Wednesday, February 25, 2009

The Decline of Made-in-China

A weel ago I went to the city of Yi Wu, the international trade center of small commodities, and the city of Dong Guan, the heart of export-oriented made-in-China manufacturing center. Everyone I talked to, from entrepreneurs to workers, feel afflicted by the recession. But there is something puzzling about it, if the western consumers are tightening their belts, shouldn't the cheap made-in-China goods become more attractive to them? My conversations with many entrepreneurs suggest that the current demise of Made-in-China is caused by domestic factors as much as international factors.

Many entrepreneurs admitted that there are still orders from their customers from the West, but often they can no longer meet the needs or compete with suppliers from other developing countries. In the past, it was easy for them to just take advantage of the cheap labor and the lack of environmental regulation. So they didn't make much effort to improve their technology and design, expand their distribution network or build their own brand. Now that they've reached the limit of squeezing labor and environment, they suddenly cannot retain their competativeness.

Insteading of trying to built upon the success of their manufacturing business, many entrepreneurs went to pursue the high profit of financial investment from real estate, stocks to raw commodities (oil, gold, copper, iron ore etc.) In the past several years, the profit margin of all the shoes or toys they produce is often lower than 5%, but speculative investment on real estate, for example, can often bring 100% profit and make them rich immediately. Now that all those bubbles of assets are bursting, they find themselves short of fund to sustain their manufacturing business.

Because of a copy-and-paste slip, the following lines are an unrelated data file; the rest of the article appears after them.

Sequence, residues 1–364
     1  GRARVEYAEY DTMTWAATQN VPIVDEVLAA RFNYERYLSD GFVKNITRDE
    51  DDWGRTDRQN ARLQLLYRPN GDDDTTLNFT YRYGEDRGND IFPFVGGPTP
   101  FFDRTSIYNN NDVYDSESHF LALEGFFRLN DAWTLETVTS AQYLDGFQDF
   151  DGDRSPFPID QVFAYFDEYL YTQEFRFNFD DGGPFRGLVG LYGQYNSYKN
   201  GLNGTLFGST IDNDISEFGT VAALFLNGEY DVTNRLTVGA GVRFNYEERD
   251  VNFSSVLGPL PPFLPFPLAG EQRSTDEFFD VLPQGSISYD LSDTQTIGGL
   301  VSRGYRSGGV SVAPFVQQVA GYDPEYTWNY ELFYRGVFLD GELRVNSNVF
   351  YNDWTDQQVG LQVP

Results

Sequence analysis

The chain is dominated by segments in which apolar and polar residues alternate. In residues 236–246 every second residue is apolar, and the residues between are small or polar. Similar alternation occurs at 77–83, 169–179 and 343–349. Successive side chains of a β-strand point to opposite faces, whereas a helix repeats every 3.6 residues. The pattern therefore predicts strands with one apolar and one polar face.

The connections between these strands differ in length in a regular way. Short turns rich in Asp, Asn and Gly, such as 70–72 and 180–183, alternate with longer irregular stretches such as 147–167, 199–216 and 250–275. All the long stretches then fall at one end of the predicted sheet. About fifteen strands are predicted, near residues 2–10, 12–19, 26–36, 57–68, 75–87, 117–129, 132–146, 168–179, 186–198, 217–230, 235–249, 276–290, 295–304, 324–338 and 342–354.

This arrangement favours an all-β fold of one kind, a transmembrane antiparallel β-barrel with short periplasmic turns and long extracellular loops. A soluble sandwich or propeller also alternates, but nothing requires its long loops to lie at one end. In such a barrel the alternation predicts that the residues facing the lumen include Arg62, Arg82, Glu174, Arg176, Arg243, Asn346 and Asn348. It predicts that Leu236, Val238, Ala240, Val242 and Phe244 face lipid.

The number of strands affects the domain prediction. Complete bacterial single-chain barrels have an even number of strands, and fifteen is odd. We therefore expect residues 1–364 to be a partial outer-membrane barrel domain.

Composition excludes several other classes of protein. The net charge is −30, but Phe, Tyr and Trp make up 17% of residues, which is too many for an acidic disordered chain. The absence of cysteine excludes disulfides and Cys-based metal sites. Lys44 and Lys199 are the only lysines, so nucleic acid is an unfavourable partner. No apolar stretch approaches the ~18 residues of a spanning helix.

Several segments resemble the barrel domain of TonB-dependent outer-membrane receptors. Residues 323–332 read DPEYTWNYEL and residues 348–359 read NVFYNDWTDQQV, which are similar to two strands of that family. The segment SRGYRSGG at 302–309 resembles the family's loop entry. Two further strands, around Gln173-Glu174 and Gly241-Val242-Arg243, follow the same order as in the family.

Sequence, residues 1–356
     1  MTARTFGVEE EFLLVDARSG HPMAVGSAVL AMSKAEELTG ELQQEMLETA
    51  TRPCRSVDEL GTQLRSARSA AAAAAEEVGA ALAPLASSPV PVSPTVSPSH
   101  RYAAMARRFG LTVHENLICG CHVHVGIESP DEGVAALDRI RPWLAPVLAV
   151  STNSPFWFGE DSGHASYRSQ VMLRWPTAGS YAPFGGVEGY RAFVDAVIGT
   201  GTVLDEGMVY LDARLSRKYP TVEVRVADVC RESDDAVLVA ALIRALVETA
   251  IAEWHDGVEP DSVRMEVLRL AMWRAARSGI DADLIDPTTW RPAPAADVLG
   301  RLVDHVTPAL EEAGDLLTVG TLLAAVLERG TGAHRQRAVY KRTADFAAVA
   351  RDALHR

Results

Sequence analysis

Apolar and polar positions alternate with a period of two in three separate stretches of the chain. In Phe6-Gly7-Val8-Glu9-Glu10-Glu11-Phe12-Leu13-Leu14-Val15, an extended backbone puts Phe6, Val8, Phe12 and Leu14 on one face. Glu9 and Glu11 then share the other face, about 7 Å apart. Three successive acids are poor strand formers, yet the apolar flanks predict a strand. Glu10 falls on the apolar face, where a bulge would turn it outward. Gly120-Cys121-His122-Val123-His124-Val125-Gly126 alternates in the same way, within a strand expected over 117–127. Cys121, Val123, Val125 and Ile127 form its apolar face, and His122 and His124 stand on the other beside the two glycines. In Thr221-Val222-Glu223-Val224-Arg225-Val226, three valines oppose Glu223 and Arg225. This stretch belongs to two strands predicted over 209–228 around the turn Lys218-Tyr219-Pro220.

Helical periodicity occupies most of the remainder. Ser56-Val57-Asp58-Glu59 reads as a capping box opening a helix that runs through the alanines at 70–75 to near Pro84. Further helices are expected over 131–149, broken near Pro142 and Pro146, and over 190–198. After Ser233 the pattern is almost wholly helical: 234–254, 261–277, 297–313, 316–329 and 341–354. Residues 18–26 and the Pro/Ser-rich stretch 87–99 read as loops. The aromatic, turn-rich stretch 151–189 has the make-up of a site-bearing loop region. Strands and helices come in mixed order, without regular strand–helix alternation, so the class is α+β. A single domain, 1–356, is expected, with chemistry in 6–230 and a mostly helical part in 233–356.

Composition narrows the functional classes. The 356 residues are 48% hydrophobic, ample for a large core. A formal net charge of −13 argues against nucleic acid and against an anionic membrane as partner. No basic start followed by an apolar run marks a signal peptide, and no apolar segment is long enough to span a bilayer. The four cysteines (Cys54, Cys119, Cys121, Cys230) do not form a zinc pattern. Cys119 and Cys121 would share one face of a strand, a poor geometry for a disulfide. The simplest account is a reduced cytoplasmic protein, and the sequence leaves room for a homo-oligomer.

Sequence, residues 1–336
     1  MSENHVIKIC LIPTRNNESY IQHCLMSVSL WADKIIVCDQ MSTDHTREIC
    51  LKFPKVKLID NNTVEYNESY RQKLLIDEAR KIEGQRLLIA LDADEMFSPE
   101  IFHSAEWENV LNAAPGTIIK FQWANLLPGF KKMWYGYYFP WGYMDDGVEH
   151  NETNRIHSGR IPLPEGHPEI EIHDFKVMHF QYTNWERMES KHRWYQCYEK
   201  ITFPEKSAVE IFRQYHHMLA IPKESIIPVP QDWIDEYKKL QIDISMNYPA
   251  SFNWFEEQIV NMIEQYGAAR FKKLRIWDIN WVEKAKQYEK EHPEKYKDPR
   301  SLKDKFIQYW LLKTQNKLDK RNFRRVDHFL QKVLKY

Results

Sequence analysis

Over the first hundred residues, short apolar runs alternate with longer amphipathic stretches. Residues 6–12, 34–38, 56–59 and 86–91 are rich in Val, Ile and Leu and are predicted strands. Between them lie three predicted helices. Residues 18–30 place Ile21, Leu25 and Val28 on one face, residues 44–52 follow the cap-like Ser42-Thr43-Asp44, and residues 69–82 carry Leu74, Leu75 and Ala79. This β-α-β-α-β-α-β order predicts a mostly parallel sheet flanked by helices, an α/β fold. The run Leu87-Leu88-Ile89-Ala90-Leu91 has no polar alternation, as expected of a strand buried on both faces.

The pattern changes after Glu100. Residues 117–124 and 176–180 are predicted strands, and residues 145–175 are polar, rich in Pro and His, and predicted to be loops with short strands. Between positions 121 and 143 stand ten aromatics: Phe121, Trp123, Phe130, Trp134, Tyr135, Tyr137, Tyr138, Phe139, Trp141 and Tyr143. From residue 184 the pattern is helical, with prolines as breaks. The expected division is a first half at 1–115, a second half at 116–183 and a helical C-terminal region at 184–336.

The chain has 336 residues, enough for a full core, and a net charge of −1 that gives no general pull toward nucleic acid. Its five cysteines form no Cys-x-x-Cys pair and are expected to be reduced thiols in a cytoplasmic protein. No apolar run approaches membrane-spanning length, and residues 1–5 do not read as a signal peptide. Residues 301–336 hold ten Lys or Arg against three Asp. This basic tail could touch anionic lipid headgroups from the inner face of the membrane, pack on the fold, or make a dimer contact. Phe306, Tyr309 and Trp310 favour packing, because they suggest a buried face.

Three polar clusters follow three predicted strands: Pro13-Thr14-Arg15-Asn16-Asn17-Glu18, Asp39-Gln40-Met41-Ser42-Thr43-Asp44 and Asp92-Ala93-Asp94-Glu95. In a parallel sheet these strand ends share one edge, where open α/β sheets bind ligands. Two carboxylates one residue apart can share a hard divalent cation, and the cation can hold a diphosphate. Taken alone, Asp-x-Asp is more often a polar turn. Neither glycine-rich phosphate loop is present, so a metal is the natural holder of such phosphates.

You cannot put the blame entirely on such entrepreneurs. The bureaucrat class also has made the business environment particular tough for entrepreneurs. Many government officials, usually free of public oversight, takes every opportunity to participate in anything profitable. Since they are the gatekeeper of the market place and controls a lot of public resources, few entrepreneurs can succeed without buying their collaboration. Many entrepreneurs felt so frustrated with this corrupted system, that once they get rich, they try to send their children to countries like the US, Canada and Australia and get green cards for the whole family. Actually, the corrupted officials do the same, they also don't want their children to live in a country that they are damaging.

Now the government has made raising domestic consumption a top priority. If the demand from China's large population can indeed be raised, all things made-in-China will find a market, China and even the world's economy can be lifted out of the recession. But there is a reason Chinese economy became so export oriented. The entrepreneurs I talked with has little confidence selling enough goods to Chinese consumers. They know that their workers cannot afford, given the low way, what themselves produce. They know that the tax they paid was squandered by officials rather than spent on the welfare of people. And they know how much they need to pay to the local officials if they want to distribute their goods in local markets. Foreign distributors, like Wal-Mart squeezed these entrepreneurs pretty hard, giving them only a small percentage of the profit from the goods they produce. But such exploitation seems benign compared to the unreasonable demands of local officials.

So this is the situation. Even if you are an honest and creative entrepreneur who tries to change made-in-China's image of bad quality, you will have to face the declining foreign demand, the weak domestic demand, the exploitation of corrupted officials, the strained environment and the temptation to just escape to a more comfortable foreign country. A recession for China's manufacturing sector seems inevitable. But let's hope this recession at least exposes the problems, and force the Chinese society to create a better economic environment.

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